San Francisco

I’m so lucky. I traveled this past week for work, and I’m so lucky because I got to squeeze in an extra day of non-work, which I spent with a coworker doing the thing I like best (taking pictures) and catching up with her and you know, I don’t think we even talked about work at all. Suzanne, you rock.

I want you to know how hard it was for me to write the headline to this post. I’m bad at headlines. Usually literary phrases or lyrics or song titles come first to mind, and okay, sometimes I use those, but I feel like I’m cheating. I mean, who doesn’t leave their heart in San Francisco? And, yeah, now I know the way to San Jose. But those aren’t my words. So, just plain old San Francisco will have to do for this post, because that’s pretty much where I was. Or, the bay area. Or, is it Bay Area? (I’m still recovering from the whirlwind trip so I’m refusing to consult my sources to check which is correct.) I was in and around San Francisco and Sonoma for work, and it was all of these things: fun, exhausting, exhilarating, enlightening, and fantastic to be face-to-face with my coworkers.

But, pictures.

I’ve given no love to my digital camera in months, and because I was tasked with photos for a work outing while I was there, I took the digital camera. Which is, like me, showing its age. A rubber grippy part of it fell off last summer and I intended to glue it back on but never got around to it and now I don’t know where that part is. A plate on a button on top of the camera, the one that shows what mode you’re shooting in, fell off while on this trip. I haven’t lost that and I’ll probably glue that back on, but I don’t need to. I’ll admit I kind of like the camera better a bit worn and ratty looking. After using old film cameras that are metal, sturdy and more substantial feeling than a modern plastic DSLR, the plastic camera feels a bit, well, cheap. Ratty and imperfect are more my style anyway. And settling on one camera and one lens is a little hard for me, but I do like a challenge. So the clunky, somewhat ratty, DSLR with 17-55mm lens came with me, jammed into my backpack not carefully at all, and they did just fine.

Also after working with black and white film for the last four months I’ll admit the ease of upload and edits was (at least a little) fun. Maybe I even missed it a bit. But I still couldn’t help but make some of the fort images black and white, a little crusty and contrasty. Maybe a little like film. Whatever. Editing is such a personal thing, dependent on mood when you sit down to do it. At least for me.

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Fort Point in the Presidio and Golden Gate Bridge
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Fort Point inner courtyard

So, the Golden Gate Bridge and Fort Point in the Presidio. I’m not delving into any history here because you can go find that yourself. I’ll just say I love a space with brick, shadows, girders and trusses, some height, an underbelly. Some grit, some history, something that takes up a sizeable amount of space. This place hit all my buttons.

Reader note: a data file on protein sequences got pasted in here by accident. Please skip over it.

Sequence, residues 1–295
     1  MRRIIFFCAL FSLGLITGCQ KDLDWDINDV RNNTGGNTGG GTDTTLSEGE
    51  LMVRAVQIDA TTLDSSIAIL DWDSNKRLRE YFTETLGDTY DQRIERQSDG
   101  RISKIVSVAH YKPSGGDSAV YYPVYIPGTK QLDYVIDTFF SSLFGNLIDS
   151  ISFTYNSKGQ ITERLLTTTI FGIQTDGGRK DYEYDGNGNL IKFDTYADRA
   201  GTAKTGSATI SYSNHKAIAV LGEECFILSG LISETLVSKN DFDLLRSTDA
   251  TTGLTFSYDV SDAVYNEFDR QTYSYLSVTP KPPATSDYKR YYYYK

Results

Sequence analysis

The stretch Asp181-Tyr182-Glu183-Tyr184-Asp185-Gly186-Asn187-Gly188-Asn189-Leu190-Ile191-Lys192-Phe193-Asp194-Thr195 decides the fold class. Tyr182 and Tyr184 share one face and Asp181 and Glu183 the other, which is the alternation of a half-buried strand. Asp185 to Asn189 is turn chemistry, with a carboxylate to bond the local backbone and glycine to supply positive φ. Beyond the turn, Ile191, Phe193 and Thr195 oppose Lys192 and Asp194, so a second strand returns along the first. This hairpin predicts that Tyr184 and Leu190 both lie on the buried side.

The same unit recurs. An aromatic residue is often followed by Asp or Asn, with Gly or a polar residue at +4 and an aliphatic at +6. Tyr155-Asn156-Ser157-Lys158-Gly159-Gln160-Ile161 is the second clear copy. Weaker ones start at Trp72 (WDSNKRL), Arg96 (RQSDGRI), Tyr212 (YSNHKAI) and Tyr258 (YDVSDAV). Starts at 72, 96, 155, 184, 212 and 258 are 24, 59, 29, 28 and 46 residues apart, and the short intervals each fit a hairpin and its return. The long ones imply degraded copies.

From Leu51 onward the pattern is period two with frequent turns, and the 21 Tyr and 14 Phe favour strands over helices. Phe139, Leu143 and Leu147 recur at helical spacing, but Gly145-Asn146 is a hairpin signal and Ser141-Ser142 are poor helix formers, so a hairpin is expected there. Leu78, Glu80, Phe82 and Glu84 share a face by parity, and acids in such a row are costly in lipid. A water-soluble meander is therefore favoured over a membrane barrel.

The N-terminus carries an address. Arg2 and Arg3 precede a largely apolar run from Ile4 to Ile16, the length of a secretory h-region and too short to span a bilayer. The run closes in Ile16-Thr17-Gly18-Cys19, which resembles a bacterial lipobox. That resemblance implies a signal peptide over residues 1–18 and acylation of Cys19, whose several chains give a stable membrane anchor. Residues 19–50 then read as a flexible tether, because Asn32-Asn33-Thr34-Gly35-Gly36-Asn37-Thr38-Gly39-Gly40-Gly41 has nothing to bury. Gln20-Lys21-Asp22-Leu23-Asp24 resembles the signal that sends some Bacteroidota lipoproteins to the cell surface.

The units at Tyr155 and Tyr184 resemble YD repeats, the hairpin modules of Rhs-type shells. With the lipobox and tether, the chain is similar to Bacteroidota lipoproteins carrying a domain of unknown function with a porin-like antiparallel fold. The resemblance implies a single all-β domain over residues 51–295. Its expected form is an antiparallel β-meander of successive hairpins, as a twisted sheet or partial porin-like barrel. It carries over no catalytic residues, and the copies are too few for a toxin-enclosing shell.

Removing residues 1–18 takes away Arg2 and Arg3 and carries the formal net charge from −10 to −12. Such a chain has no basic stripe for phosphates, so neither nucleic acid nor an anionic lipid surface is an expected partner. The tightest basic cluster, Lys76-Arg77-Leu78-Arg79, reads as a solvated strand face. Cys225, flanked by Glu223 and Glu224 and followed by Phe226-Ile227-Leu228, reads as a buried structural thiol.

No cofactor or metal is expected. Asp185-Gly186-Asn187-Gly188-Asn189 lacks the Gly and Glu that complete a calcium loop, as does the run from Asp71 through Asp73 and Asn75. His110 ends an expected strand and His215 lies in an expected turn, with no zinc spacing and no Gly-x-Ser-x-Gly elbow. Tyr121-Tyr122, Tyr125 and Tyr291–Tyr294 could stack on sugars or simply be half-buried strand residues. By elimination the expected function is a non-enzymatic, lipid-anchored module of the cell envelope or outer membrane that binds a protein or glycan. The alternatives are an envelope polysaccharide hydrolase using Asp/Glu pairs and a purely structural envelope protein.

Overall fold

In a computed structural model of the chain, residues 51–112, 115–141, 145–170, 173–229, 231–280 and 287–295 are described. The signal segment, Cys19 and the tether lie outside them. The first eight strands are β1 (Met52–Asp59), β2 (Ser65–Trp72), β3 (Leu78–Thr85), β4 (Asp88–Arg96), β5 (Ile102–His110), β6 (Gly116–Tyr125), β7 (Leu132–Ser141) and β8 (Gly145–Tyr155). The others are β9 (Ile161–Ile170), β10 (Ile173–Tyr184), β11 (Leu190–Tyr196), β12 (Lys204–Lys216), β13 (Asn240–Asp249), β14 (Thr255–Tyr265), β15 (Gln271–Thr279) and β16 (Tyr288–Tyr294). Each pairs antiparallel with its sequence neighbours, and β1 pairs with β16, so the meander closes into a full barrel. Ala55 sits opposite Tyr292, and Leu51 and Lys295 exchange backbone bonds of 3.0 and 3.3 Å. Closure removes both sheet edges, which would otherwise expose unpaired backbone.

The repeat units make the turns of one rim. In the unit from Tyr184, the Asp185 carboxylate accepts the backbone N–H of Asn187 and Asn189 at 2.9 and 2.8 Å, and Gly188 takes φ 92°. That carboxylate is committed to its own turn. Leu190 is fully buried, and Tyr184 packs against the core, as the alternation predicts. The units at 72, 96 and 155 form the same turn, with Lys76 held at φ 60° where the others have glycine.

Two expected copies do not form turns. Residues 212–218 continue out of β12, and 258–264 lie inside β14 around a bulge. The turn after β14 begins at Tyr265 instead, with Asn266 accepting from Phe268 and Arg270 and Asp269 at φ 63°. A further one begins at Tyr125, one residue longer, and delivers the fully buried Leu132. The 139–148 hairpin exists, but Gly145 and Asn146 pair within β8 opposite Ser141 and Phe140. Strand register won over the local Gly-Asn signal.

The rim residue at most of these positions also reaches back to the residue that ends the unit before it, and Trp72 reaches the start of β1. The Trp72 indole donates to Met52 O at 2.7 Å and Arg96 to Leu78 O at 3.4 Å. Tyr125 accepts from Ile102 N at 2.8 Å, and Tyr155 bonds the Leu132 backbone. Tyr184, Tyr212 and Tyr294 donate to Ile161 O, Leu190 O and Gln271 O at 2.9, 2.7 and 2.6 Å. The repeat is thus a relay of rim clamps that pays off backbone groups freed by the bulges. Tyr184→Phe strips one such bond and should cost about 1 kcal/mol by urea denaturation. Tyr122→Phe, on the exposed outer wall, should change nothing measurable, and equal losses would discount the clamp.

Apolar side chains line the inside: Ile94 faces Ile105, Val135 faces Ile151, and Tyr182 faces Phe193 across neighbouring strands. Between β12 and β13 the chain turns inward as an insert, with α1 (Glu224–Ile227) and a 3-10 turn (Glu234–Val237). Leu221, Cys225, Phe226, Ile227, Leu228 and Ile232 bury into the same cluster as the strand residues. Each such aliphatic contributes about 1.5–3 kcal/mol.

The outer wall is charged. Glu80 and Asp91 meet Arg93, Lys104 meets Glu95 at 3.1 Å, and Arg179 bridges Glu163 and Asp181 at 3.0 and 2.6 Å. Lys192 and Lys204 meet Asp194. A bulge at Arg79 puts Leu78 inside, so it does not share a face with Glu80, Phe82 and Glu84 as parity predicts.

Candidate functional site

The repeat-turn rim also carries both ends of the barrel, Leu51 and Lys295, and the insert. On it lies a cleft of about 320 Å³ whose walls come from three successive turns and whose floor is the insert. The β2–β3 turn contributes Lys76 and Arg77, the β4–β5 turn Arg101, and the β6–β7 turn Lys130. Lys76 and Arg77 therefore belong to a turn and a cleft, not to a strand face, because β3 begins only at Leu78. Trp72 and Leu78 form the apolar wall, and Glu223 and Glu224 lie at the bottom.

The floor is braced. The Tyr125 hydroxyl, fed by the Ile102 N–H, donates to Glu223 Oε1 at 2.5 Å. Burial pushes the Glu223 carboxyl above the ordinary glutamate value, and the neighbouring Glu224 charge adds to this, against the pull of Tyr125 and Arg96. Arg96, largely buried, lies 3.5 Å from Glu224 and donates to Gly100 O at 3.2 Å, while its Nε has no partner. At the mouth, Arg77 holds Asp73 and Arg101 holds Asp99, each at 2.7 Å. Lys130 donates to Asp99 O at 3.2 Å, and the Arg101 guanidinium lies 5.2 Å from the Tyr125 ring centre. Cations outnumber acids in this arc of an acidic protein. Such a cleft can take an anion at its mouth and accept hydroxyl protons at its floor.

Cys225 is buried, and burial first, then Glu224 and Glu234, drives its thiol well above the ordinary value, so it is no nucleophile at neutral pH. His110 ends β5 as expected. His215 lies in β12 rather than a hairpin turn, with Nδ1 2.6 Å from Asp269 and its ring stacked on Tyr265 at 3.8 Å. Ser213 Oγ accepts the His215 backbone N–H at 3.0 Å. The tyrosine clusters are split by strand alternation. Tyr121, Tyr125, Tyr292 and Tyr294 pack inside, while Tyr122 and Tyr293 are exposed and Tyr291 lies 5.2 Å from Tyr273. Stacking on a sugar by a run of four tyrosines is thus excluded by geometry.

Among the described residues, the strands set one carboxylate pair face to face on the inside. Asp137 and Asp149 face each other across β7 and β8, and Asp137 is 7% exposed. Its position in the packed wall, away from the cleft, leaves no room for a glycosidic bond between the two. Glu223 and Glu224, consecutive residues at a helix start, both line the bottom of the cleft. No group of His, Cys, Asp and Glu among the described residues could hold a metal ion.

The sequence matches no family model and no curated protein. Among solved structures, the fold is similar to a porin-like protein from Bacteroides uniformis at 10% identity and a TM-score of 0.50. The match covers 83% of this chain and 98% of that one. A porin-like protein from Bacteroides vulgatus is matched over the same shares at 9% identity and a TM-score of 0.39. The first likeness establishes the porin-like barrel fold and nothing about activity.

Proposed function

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stairs and shadows

Driving through cities in the bay, the outer roads, hilly and winding roads in wine country, stuff that makes your heart jump a little with the beauty and the occasional fear of dropping off a cliff. There’s something almost a little too bright about California, too shiny, perfect and beautiful.

But I can’t get enough of it.

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boats and field
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house on stilts
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driveby

hoya on Holga

hoya plant, lomo purple and Holga
hoya plant, lomo purple and Holga

I don’t have a green thumb (or a purple one). I love plants, but it’s not in my nature to take care of them. Maybe some day.

There is a hoya plant in my front window that faces south, a big, lovely picture window. It’s about the same size as the picture window in the house I grew up in, which also faced south (faced? faces? The house, and the window, both still exist…). These are the kind of windows that, in February, beg you to lay on the floor in a winter sunbeam and soak up the light. If you don’t have one of these, find a friend that does and spend a February afternoon doing just that.

Anyway.

The hoya plant in my front window is a clipping from my friend Kelly’s hoya plant, who got the clipping from my dad from the original hoya plant that I grew up watching grow in my lovely south-facing picture window in the house I grew up in. I don’t remember who gave my dad the original clipping from their own hoya plant–probably one of his teacher friends–at least 40 years ago.